Many economists recently criticised the government for not passing on the rise in international oil prices to consumers, with many commentators blaming it on the government’s indecisiveness. But there is evidence to suggest that the government had a fair idea about the worsening economic situation since the contours of the crisis were visible as early as February this year. The government, for instance, was very quick in tapping Miftah Ismail for the finance portfolio, even when the rest of the cabinet had not been announced. Still, the government dithered on passing on the prices until the political storm had blown over in Islamabad.
Perhaps, the government was correct in waiting for the political situation to settle down as passing on the price increase would surely lead to back-breaking inflation. It is very likely that inflation will touch 18pc to 20pc this calendar year, given how international oil prices are going up. In a politically volatile environment, passing on a massive price increase to the people would be akin to fanning the flames of social unrest.
To be sure, the government was evaluating an increase in fuel prices after the political volatility reached its climax with the in-house change in the National Assembly. Political volatility has not since abated, especially as the Punjab chief minister remained unsuccessful in announcing his cabinet until very recently.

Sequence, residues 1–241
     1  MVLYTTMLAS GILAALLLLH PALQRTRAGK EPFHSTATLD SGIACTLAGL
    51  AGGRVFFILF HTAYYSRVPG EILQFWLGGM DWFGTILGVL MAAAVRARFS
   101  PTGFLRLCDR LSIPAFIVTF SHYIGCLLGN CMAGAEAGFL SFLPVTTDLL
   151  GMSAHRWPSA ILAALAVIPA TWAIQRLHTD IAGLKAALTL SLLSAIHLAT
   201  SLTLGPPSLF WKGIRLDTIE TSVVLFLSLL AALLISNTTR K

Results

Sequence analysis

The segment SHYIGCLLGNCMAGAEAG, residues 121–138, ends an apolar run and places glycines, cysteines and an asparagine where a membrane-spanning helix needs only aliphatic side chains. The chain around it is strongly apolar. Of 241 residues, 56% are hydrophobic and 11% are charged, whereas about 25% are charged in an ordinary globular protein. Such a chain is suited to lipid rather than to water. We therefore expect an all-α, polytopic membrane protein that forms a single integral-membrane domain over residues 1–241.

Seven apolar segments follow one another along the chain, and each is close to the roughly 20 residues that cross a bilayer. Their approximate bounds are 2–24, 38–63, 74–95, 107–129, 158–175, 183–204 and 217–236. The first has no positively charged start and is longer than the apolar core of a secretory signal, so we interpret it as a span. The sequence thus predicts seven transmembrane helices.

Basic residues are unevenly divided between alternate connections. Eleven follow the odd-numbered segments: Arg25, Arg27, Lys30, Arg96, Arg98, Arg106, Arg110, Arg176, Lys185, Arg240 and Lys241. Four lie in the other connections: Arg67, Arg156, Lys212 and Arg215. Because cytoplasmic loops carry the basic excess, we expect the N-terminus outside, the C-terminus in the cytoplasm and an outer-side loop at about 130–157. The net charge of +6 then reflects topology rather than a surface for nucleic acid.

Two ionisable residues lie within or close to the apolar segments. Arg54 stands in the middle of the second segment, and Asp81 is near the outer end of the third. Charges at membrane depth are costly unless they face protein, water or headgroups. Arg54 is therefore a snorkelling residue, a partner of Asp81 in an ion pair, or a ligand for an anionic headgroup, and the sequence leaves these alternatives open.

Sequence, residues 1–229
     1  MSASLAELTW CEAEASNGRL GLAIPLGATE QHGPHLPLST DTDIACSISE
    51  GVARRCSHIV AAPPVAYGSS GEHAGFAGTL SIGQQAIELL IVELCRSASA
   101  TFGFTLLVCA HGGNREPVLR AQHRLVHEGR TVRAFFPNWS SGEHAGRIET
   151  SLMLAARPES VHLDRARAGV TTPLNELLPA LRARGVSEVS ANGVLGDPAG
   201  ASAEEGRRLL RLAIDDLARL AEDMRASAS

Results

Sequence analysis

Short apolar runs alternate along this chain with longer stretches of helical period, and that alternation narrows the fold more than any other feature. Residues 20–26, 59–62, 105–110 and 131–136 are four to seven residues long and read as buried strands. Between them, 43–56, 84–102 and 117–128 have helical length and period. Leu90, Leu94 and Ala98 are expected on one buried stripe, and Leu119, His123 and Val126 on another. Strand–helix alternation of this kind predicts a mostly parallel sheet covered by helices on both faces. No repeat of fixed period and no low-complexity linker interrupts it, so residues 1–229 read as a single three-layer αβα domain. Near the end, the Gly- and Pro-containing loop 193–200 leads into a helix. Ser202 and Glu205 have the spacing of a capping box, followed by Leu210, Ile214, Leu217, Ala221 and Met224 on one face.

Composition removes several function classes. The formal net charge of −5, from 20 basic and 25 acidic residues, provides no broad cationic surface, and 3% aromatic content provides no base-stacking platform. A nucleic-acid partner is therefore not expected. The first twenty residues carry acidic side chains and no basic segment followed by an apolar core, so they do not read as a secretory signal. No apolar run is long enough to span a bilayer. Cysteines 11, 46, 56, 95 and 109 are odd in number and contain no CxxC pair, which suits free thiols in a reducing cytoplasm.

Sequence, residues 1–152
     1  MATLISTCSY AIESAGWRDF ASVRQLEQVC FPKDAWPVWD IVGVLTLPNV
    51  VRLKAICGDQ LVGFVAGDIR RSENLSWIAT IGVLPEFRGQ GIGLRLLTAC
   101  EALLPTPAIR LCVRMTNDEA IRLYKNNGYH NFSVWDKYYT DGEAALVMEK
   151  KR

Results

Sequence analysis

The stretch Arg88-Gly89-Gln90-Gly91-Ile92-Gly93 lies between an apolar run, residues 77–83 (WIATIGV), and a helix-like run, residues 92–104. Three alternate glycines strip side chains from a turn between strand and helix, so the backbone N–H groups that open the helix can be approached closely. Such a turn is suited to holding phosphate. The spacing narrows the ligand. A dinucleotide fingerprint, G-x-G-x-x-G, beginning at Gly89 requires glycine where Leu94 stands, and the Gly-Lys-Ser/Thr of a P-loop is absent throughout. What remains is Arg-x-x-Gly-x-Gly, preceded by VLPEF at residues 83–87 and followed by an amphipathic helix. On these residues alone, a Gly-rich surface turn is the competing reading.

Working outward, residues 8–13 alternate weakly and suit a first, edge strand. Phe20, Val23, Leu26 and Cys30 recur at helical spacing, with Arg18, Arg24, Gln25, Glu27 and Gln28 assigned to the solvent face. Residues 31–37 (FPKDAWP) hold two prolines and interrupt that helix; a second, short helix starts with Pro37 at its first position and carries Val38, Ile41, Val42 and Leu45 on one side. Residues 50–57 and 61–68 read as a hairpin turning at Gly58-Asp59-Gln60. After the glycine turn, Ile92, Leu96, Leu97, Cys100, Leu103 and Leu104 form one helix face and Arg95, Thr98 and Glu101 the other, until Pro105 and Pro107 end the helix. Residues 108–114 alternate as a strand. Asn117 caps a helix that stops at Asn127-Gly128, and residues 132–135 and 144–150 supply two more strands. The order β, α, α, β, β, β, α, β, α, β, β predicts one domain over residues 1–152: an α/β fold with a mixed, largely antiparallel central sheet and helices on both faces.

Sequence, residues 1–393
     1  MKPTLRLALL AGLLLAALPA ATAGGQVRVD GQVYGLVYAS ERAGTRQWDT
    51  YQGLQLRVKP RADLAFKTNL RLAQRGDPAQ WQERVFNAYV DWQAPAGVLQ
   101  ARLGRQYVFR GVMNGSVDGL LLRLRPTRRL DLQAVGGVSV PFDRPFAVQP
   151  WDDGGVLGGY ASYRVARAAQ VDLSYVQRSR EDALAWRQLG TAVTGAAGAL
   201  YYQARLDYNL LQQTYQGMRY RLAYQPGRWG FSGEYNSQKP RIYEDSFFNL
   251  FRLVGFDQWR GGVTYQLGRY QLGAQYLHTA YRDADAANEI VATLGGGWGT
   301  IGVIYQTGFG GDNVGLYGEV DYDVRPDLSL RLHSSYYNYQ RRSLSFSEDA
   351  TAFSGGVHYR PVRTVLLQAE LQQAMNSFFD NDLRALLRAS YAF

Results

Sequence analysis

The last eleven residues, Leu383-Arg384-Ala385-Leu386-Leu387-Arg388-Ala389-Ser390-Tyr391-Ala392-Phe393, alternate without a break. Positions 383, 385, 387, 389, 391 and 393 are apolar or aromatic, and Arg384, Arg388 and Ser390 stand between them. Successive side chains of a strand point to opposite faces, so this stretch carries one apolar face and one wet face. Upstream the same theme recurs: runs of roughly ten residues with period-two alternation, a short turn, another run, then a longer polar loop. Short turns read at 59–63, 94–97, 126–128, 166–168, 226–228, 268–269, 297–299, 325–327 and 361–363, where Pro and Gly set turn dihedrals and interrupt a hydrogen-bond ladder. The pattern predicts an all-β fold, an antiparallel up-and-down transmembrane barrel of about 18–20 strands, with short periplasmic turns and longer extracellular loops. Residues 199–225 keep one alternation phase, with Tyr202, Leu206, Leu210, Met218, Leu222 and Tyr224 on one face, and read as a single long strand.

Though there are indications of near-successful negotiations between the IMF and the government, Pakistan’s economy is not out of the woods. On the external front, the economy is facing extremely strong headwinds in the shape of continued pressure on foreign exchange reserves coming from elevated oil prices, as well as from rising policy rates in developed economies.
Additionally, Pakistan’s export destinations are experiencing stagflation, ending all hope of exports bailing us out. On the domestic front, a steep rise in inflation will create a potent mix that could easily lead to social unrest, thereby making it difficult for the government to take optimal economic decisions. In a sense, a severe economic crisis coupled with political instability could very well turn into a vicious cycle, whereby Pakistan starts hurtling towards a hard default like Sri Lanka.
Nevertheless, a hard default can be avoided. But in order to do that, unpopular economic decisions will need to be taken such as passing on oil price increases, having more import controls and possibly even fuel rationing. Given this very challenging economic scenario, political stability is the need of the hour. Forcing the government to call elections in the midst of a devastating economic crisis will only serve to increase political instability as different parties may decide to face off in the streets of Islamabad.
Moreover, the IMF and other international lenders may be reluctant to talk and provide assistance to a caretaker government, given there is no guarantee that the caretakers’ promises would be honoured by the next government. The fate of Islamabad and that of Pakistan’s economy is going be determined by political continuity and stability.
The writer completed his doctorate in economics on a Fulbright scholarship.
Published in Dawn, June 3rd, 2022